For Frank Siller, chairman and CEO of the Stephen Siller Tunnel to Towers Foundation, the memories of Sept. 11, 2001 – the date his firefighter brother was killed in the line of duty – are far from fading.
“We knew right away we had to do something to honor what my little brother did,” Siller told The Tablet. “We didn’t know that it was going to just grow like this.”
Siller spoke to The Tablet at a time when Congress is considering a bill to authorize funding for the September 11th Victims Compensation Fund, a federally funded program that compensates victims of the Sept. 11 terrorist attacks. Congress last authorized funding for the program in 2015 for use until 2020, but that money is running out.
Under the current bill, Congress would approve an unspecified amount of funding for the program until 2090. The bill cleared the House Judiciary Committee on June 12. It now awaits a vote before the full House of Representatives. If passed by the House, the bill would then go to the U.S. Senate and eventually to President Trump.
Siller told The Tablet that “it would be hard for Congress not to pass it” unanimously. “It’s most certainly the right thing to do,” he said.
On Sept. 11, 2001, Siller’s younger brother Stephen had just finished his shift in Brooklyn when he received word that the North Tower of the World Trade Center was hit by a plane. Stephen ran through the Brooklyn-Battery Tunnel (now the Hugh L. Carey Tunnel) with 60 pounds of gear to help battle the blaze at the Twin Towers, where in trying to save others he lost his own life.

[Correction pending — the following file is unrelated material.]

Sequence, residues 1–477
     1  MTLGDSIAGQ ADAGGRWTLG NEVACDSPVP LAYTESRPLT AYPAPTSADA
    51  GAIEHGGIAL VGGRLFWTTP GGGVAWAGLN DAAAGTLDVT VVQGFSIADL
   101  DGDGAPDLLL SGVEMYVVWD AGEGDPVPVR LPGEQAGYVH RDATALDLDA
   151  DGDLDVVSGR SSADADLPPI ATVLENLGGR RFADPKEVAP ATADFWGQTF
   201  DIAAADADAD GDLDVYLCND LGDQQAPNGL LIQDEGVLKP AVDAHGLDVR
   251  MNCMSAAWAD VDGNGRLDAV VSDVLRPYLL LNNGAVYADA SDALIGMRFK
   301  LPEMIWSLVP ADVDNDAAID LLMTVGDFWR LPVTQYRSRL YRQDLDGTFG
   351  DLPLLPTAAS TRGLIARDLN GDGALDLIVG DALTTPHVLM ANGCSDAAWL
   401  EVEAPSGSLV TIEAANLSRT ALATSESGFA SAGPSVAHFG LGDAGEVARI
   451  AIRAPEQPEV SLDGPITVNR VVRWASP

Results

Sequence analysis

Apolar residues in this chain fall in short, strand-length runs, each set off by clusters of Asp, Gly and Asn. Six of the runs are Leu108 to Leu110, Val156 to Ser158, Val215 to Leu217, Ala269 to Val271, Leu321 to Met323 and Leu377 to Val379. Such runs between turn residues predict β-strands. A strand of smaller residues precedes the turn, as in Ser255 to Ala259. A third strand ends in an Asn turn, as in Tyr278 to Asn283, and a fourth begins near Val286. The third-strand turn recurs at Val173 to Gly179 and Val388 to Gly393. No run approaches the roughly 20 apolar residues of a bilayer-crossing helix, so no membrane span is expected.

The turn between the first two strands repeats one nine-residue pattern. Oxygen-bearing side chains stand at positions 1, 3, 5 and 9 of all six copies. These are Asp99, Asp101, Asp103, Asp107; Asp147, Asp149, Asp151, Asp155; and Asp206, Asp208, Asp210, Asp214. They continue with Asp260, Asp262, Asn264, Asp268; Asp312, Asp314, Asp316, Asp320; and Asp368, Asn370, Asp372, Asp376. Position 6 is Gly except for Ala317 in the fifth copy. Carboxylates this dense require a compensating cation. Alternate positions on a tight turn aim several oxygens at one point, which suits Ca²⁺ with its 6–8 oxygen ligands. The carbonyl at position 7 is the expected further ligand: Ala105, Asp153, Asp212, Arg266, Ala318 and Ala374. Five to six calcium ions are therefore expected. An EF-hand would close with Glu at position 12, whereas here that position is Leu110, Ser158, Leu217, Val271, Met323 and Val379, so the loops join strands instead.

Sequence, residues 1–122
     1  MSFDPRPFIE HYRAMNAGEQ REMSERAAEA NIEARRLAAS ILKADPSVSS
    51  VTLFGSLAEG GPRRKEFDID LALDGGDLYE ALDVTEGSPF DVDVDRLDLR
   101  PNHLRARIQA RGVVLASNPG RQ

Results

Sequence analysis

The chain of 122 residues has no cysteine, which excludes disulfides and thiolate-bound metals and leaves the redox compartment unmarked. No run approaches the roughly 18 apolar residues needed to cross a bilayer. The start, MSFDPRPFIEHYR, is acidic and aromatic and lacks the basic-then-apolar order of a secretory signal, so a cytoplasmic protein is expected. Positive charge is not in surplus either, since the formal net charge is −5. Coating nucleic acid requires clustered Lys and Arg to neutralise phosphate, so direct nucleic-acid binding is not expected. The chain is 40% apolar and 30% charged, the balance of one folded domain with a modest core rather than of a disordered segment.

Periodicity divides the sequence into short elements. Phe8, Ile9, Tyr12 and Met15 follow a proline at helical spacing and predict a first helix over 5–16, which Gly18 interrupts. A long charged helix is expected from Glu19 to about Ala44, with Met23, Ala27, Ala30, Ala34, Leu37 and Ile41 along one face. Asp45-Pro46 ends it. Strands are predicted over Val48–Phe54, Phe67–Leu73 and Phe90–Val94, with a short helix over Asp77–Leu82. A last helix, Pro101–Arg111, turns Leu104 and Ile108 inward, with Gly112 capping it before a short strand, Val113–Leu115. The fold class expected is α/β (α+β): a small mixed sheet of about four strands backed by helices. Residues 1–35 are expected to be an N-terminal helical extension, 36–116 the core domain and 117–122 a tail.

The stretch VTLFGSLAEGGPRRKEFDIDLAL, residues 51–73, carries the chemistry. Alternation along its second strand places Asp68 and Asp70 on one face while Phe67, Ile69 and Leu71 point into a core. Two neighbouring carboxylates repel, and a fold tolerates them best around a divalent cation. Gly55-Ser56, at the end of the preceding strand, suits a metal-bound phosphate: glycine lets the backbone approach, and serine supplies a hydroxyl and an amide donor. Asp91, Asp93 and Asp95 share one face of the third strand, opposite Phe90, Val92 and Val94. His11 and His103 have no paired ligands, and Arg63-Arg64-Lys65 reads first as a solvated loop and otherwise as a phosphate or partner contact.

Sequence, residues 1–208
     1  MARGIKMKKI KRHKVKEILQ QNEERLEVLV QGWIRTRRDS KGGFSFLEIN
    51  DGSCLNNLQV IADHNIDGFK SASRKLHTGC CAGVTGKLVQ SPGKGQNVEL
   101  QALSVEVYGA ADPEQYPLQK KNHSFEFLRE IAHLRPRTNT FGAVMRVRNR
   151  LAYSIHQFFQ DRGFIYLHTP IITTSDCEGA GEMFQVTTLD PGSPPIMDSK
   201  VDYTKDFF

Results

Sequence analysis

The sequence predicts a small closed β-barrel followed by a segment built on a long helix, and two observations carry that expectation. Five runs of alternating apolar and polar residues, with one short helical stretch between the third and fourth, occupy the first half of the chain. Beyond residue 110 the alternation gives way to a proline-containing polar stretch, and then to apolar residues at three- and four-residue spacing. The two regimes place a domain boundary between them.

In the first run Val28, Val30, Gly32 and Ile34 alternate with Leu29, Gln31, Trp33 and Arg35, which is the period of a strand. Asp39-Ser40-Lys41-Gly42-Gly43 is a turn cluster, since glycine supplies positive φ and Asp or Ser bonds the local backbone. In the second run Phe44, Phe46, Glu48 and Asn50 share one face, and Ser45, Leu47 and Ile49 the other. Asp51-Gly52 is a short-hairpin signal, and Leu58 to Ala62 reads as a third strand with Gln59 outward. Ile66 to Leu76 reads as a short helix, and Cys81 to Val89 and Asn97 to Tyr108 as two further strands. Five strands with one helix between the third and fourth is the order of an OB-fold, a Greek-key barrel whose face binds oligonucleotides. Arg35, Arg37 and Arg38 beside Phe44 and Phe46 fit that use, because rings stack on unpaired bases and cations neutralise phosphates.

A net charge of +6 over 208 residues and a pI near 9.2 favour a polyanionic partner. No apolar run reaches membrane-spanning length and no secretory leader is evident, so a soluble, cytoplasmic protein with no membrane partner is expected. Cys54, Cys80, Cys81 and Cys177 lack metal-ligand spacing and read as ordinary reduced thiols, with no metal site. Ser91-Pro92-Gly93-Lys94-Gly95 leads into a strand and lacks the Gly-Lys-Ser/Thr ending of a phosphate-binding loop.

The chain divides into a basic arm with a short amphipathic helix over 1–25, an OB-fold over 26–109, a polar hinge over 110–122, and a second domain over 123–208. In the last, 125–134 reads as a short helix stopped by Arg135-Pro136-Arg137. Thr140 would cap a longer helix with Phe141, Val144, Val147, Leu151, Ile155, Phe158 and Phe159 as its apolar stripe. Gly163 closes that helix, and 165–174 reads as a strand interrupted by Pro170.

The Sillers, who are Catholic, wanted to do something to honor the sacrifice Stephen made, and so they formed Tunnel to Towers Foundation in December 2001. The foundation has raised $100 million to offer financial assistance nationwide to families of firefighters and police officers who lost their lives on their jobs. It also helps injured veterans.
Every September, the foundation holds the Tunnel to Towers 5K Run and Walk to raise money. The race starts in near the entrance of the Hugh L. Carey Tunnel and ends at the Freedom Tower. Thousands make the same run through the same tunnel that Stephen did. The foundation also sponsors other fundraising events in New York and throughout the country.
“If the 1 percent serve, it’s up to the 99 percent to take care of them. I think it’s a small price for us to pay,” Frank Siller said. “This is not charity –when we ask for a monthly donation, it’s because we owe it to them. People have to look at it like that.”
Siller, who lives in Staten Island, says that, along with praying and following the news about the VCF legislation, Catholics should push Congress to pass the VCF bill.
“You gotta pray for certain things, but you have to do certain things … As a Catholic who cherishes life from conception, we have to take care of each other when somebody dies for us, just like our Savior did,” Siller said.
“When my brother gave up his life on September 11, he didn’t care who he was saving – he was saving God’s children. And I think we have to remember that when we ask somebody to do that, we’ve got to take action and take care of their families after.
“I don’t think it’s so hard to do, to support and take care of our Church and her people,” Siller said. “Without our men and women in uniform, we cannot be successful here as a country, so we better take care of them first so we have the beautiful things we have because of them.”